“…when bad things happen to you, you can make something good out of something bad…”

Similarly, several years later, in college, I wrote in a classics paper on Lysistrata: “Therefore, if most of the women don’t pretend to be deeply committed to a political agenda…” and the professor circled “don’t” and wrote in the margin: “Avoid colloquialism.” Maybe that, too, was the correct guidance to conform to the habits of the scholarly genre at the time.

Photograph of a college paper on the Lysistrata. Relevant sentence: "Therefore, if most of the women don't pretend to be deeply committed to a political agenda, this only makes them more honest than the men."

“…if most of the women don’t pretend…”

But when my inner self-critic finger-wags at me, even today, “Don’t use you,” “Don’t use don’t,” I’d do well to remember where this teacherly advice came from. These were shorthand comments that applied to specific papers. They may not apply to whatever I’m writing today.

What’s a ‘commonplace book’?

“For nearly four decades, I’ve kept what’s known as a commonplace book,” Dwight Garner wrote in the New York Times in November 2020. “It’s where I write down favorite sentences from novels, stories, poems and songs, from plays and movies, from overheard conversations. Lines that made me sit up in my seat; lines that jolted me awake. About once a year, I’ll say something I think is worthy of inclusion. I mostly end up deleting those entries.”

I have always done this, too, since I was 18. In my first year of college, in 1998, I started my own website as a hobby, and I began filling it with my own mini-essays (“blogs” were not quite invented yet) and interesting passages that I found in library books and typed up. As my list of quotations grew, I grouped them by theme; and as the lists continued to grow, the themes multiplied and became more specific.

“Do you keep a notebook?” Prof. Lance Morrow asked my essay-writing class in my journalism program in 2004. He explained to the class that he meant writing down personal musings and interesting passages written by others that might fuel our own future essays. I answered that I did; I had multiple “notebooks,” organized by theme. (The class seemed to think this was a little over the top.) Also, my “notebooks” have always been digital, so that the information is readily searchable by keyword and copy/pasteable in case it needs to be reorganized or, at long last, incorporated into an essay of my own. (I do sometimes use paper and pen to transcribe information, but ultimately I type it up because that’s how it will be more usable.)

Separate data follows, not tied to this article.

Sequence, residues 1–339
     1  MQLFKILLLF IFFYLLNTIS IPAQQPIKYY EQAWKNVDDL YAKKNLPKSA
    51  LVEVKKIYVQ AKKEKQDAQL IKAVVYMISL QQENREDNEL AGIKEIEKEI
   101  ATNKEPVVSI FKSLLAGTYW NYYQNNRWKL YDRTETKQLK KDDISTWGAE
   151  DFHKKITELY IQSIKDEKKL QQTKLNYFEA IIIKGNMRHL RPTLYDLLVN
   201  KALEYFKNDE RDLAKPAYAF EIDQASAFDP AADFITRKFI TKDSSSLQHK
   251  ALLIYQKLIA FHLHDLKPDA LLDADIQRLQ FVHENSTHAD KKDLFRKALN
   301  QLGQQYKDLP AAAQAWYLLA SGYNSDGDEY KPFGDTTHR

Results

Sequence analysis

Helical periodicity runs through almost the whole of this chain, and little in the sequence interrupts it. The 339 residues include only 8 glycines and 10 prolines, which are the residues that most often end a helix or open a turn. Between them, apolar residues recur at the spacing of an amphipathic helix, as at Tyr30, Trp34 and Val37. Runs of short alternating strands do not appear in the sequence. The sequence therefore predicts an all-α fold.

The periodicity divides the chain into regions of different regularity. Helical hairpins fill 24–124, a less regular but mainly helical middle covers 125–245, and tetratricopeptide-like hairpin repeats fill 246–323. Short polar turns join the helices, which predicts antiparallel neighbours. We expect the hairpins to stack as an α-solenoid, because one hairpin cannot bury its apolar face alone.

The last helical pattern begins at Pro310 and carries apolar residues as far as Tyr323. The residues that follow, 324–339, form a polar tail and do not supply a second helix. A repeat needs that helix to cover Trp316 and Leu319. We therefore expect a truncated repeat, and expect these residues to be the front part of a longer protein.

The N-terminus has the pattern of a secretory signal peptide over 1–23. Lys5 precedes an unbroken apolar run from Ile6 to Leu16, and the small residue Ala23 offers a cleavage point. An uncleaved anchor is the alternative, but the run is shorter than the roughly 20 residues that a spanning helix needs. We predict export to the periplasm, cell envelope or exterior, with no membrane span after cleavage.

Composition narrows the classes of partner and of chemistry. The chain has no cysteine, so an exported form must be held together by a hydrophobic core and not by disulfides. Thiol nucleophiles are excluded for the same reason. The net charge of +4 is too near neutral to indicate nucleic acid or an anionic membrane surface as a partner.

In 2020, I counted the number of themed files. There are two hundred. They include:

abortion, abstractions, activism, affluenza, altruism, animals, anxiety, art, attention and busyness, beliefs, bias and control, body, brain, caring, Cartesianism, celibacy, certainty, chance, charm, cheating, climate change, cloning, coaching, commercialism, compassion, conformity, creativity, death penalty, decision-making (and gut instinct), dialogue, dirt, disaster insurance, disgust, domination of nature, emotions, enlightenment, environment, epiphany, eternal now, ethics (business), evolution, faith-based charities, false memory and confession, food (and hunger), forgiveness, free speech, free will, friendship, gender, giving, God (and: anthropomorphism, atheism, biblical authority, faith, feminist theology, “on your side,” and “knows secrets”), grief, hair, handicapping agreements for games, healing, history, honor, human rights, humanism, humility, humor, immortality, integrity, Internet history, interpellation, Israel, Jewish, journalism, knowledge (and not knowing, deliberate ignorance, and ridiculous beliefs), language, liberty and security, literacy and numeracy, logic, love, lying (and rationalization), marijuana, marriage, math, memory (and the permanence of Internet publication), mind, money, monsters, mortality, myth (and political myths), names, natural disasters, “nature or nurture,” networks, nostalgia, oaths, organ transplant, Orwell, Panopticon, paradox, patriotism, peace, philosophy, pleasure, poaching, political polarization, politics (and unwritten norms), power, prayer, prisoners, procreation and parenting, prohibition of alcohol, race, regret, relationships, relativism (this one, dear reader, may be the longest, at 70,000 words), religion and science, religious experience, risk, ritual, saying no, self, self-sacrifice, sexuality, shame, skill, sleep, software design and testing, soldiers, solitude, success, suicide, technology, Thanatos, theodicy, time, tolerance, tree, trust, twee, utilitarianism, vegan, virtue signaling, weapon metaphors, werewolves, writing